A new system banks can use to alert police of fraud has saved a pensioner from spending £10,000 on a car that didn't exist. Retired lorry driver Barry Fox, 72, went into his local Barclays branch to withdraw a large amount of cash – but concerned staff told the police, who stopped Mr Fox in his tracks.
Mr Fox saw a luxury Rolls-Royce for sale on an internet auction site, and having decided to buy it went in branch to withdraw the cash. A new system called the Banking Protocol allows staff to alert police of potential scams, and summoned an officer to help within an hour – who was able to tell Mr Fox he was about to be scammed.
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The seller had arranged to pick Mr Fox up from a railway station before travelling to a countryside location where they would pick up the car. Bank staff said "it didn't seem right."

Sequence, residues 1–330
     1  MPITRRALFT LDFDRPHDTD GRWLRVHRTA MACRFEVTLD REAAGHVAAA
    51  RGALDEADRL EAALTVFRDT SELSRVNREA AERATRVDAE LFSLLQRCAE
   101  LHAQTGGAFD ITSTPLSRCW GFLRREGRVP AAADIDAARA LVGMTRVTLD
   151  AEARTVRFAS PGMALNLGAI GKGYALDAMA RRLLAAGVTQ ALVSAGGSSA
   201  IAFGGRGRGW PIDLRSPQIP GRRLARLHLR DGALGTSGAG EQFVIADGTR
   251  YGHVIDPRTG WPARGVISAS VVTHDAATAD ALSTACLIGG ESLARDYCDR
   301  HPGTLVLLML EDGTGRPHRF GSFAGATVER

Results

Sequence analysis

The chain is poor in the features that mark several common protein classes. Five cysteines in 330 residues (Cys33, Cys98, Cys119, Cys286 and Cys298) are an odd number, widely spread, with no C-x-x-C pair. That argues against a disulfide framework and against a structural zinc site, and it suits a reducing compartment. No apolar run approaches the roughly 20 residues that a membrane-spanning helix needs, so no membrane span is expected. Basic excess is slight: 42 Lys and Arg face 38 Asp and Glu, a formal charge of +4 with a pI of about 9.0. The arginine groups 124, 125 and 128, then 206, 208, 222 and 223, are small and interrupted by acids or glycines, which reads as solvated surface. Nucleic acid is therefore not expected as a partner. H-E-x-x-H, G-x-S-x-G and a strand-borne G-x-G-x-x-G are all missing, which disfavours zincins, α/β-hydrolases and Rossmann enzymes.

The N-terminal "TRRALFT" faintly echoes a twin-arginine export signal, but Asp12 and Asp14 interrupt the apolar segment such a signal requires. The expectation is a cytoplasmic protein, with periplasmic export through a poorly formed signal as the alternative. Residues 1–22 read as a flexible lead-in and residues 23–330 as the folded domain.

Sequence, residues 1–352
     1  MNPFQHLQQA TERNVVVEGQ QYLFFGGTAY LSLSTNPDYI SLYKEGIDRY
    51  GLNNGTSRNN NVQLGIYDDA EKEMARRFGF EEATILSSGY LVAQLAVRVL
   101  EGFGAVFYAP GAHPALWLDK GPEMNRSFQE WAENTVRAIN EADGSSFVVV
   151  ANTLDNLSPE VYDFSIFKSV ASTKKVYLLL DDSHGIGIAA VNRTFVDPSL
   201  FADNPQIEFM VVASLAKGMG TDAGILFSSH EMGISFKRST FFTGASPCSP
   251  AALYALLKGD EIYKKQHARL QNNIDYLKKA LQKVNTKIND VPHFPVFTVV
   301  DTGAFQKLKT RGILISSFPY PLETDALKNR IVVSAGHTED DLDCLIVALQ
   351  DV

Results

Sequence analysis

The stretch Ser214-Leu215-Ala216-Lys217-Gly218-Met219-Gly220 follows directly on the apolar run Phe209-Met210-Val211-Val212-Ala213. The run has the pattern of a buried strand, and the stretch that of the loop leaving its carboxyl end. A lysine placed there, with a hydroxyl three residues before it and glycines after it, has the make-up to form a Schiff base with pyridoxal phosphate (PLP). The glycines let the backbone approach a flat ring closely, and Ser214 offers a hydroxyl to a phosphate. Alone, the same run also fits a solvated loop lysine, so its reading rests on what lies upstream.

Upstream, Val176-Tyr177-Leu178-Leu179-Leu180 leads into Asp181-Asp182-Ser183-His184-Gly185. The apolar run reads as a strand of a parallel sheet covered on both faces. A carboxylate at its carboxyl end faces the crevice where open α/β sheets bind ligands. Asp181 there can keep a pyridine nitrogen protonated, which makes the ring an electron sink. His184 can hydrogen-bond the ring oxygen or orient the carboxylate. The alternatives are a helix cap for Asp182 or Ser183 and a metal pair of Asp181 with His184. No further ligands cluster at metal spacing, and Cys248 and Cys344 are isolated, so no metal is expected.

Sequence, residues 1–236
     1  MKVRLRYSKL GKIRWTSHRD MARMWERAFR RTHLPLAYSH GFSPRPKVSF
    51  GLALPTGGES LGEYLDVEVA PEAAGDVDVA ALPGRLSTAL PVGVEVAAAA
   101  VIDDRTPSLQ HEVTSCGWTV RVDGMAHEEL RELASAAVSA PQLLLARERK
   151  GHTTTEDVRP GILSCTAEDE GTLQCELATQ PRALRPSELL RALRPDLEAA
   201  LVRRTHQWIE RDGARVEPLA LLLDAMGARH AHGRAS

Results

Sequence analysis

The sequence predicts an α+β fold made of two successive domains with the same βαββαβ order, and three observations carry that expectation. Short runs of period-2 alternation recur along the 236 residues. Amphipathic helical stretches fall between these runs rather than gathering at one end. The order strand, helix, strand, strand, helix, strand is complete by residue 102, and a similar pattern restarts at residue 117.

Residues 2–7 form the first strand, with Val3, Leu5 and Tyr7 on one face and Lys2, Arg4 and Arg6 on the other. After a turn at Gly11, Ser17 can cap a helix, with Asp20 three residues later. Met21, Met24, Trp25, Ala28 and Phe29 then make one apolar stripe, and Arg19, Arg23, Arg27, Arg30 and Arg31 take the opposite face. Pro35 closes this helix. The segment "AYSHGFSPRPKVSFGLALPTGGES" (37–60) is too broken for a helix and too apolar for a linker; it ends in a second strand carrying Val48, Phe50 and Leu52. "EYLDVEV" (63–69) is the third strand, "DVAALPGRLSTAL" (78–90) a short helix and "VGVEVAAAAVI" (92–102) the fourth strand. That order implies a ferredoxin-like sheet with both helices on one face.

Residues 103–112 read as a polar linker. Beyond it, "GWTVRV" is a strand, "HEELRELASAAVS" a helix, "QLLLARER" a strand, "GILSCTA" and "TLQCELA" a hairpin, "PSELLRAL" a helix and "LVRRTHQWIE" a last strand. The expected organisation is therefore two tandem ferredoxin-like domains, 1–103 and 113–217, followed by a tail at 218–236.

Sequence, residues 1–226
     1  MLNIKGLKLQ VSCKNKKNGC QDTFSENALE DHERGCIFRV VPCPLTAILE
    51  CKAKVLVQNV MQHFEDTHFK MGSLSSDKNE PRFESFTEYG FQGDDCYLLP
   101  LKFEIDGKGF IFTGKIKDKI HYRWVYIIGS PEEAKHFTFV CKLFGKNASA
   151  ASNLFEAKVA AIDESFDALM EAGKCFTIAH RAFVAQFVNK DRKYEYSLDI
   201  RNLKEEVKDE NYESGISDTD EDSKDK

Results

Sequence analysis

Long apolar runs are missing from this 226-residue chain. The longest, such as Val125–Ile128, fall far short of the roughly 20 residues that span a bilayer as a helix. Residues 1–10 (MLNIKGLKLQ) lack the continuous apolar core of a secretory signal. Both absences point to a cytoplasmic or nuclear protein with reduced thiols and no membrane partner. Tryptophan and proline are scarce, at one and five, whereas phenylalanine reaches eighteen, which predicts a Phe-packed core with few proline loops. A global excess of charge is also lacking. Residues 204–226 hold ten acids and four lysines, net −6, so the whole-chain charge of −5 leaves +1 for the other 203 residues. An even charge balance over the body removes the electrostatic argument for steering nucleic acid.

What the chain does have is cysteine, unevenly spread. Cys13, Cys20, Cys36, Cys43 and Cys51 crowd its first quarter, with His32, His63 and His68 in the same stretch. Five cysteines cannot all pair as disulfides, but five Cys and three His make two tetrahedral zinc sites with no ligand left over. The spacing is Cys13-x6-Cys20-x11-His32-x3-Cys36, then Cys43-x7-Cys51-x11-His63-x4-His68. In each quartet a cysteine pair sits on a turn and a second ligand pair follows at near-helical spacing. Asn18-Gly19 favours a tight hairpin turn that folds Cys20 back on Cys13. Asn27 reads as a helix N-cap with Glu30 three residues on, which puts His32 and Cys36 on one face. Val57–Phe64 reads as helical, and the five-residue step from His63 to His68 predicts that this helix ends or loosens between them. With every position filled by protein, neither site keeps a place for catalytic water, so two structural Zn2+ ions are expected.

Through checks, police were able to alert Mr Fox that the car in question was registered hundreds of miles from the selling address, and that the seller's details did not match those of the business that owned the car.
"I might have gone there with £10,000 in my pocket and been knocked over the head with a stick or something," said Mr Fox.
On police advice, he cancelled the sale, and was able to find another vehicle sold legitimately. Mr Fox is now the proud owner of his very own Rolls-Royce – and avoided being scammed.
Alex Neill, of consumer publication Which?, said the Banking Protocol was a step in the right direction but should be extended further.
"In the first six months of 2017, more than £100m was lost to bank transfer scams," she said, urging banks to deal with other kinds of online scams "where consumers remain vulnerable."
The Banking Protocol system has so far taken 1,262 calls. In the last 12 months, these calls have led to 101 arrests.
Katy Worobec, from banking sector representatives UK Finance, said: "The finance industry is determined to crack down on fraud and is taking action on all fronts. The protocol is an important weapon in our armoury."